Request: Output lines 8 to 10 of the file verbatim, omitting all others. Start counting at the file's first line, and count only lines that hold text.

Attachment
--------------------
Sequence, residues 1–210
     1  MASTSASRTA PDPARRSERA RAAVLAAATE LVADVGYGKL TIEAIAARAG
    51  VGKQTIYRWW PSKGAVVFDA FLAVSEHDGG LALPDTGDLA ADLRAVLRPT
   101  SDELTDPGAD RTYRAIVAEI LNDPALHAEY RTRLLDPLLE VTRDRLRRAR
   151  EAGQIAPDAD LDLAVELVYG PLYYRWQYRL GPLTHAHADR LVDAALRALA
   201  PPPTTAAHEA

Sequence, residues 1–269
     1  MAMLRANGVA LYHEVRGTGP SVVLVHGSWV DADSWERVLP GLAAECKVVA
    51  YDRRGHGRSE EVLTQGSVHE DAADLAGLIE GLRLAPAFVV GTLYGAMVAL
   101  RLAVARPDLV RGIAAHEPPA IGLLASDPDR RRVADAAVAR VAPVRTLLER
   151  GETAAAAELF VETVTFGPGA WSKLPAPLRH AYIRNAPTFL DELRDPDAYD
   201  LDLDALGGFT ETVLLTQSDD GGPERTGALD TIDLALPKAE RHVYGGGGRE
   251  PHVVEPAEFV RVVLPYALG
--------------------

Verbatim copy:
     1  MAMLRANGVA LYHEVRGTGP SVVLVHGSWV DADSWERVLP GLAAECKVVA
    51  YDRRGHGRSE EVLTQGSVHE DAADLAGLIE GLRLAPAFVV GTLYGAMVAL
   101  RLAVARPDLV RGIAAHEPPA IGLLASDPDR RRVADAAVAR VAPVRTLLER